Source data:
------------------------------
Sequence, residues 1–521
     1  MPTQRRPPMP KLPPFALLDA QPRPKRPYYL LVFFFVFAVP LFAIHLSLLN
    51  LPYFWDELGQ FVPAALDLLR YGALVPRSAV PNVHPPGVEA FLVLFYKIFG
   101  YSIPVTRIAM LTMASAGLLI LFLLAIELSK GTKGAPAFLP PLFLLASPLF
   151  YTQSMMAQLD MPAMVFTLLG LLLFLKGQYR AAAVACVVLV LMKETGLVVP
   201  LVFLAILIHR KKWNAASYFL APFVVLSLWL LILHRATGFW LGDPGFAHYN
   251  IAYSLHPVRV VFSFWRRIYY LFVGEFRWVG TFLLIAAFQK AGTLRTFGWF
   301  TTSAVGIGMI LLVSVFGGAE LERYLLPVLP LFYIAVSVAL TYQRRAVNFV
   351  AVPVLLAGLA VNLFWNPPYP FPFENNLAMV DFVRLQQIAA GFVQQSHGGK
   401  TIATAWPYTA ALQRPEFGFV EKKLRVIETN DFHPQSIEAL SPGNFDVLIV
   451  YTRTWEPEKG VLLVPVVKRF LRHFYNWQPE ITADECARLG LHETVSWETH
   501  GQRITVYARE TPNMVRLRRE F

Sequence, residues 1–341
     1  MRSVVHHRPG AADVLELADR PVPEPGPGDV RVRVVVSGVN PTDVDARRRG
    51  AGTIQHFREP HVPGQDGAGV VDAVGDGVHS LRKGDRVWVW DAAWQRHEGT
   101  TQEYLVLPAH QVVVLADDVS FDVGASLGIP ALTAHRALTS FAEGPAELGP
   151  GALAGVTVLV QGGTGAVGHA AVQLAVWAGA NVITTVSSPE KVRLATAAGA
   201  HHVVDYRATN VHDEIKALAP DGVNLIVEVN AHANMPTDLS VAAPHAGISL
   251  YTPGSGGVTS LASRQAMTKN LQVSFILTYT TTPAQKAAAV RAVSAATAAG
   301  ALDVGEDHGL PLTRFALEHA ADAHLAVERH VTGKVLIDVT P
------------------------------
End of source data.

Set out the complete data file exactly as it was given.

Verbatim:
Sequence, residues 1–521
     1  MPTQRRPPMP KLPPFALLDA QPRPKRPYYL LVFFFVFAVP LFAIHLSLLN
    51  LPYFWDELGQ FVPAALDLLR YGALVPRSAV PNVHPPGVEA FLVLFYKIFG
   101  YSIPVTRIAM LTMASAGLLI LFLLAIELSK GTKGAPAFLP PLFLLASPLF
   151  YTQSMMAQLD MPAMVFTLLG LLLFLKGQYR AAAVACVVLV LMKETGLVVP
   201  LVFLAILIHR KKWNAASYFL APFVVLSLWL LILHRATGFW LGDPGFAHYN
   251  IAYSLHPVRV VFSFWRRIYY LFVGEFRWVG TFLLIAAFQK AGTLRTFGWF
   301  TTSAVGIGMI LLVSVFGGAE LERYLLPVLP LFYIAVSVAL TYQRRAVNFV
   351  AVPVLLAGLA VNLFWNPPYP FPFENNLAMV DFVRLQQIAA GFVQQSHGGK
   401  TIATAWPYTA ALQRPEFGFV EKKLRVIETN DFHPQSIEAL SPGNFDVLIV
   451  YTRTWEPEKG VLLVPVVKRF LRHFYNWQPE ITADECARLG LHETVSWETH
   501  GQRITVYARE TPNMVRLRRE F

Sequence, residues 1–341
     1  MRSVVHHRPG AADVLELADR PVPEPGPGDV RVRVVVSGVN PTDVDARRRG
    51  AGTIQHFREP HVPGQDGAGV VDAVGDGVHS LRKGDRVWVW DAAWQRHEGT
   101  TQEYLVLPAH QVVVLADDVS FDVGASLGIP ALTAHRALTS FAEGPAELGP
   151  GALAGVTVLV QGGTGAVGHA AVQLAVWAGA NVITTVSSPE KVRLATAAGA
   201  HHVVDYRATN VHDEIKALAP DGVNLIVEVN AHANMPTDLS VAAPHAGISL
   251  YTPGSGGVTS LASRQAMTKN LQVSFILTYT TTPAQKAAAV RAVSAATAAG
   301  ALDVGEDHGL PLTRFALEHA ADAHLAVERH VTGKVLIDVT P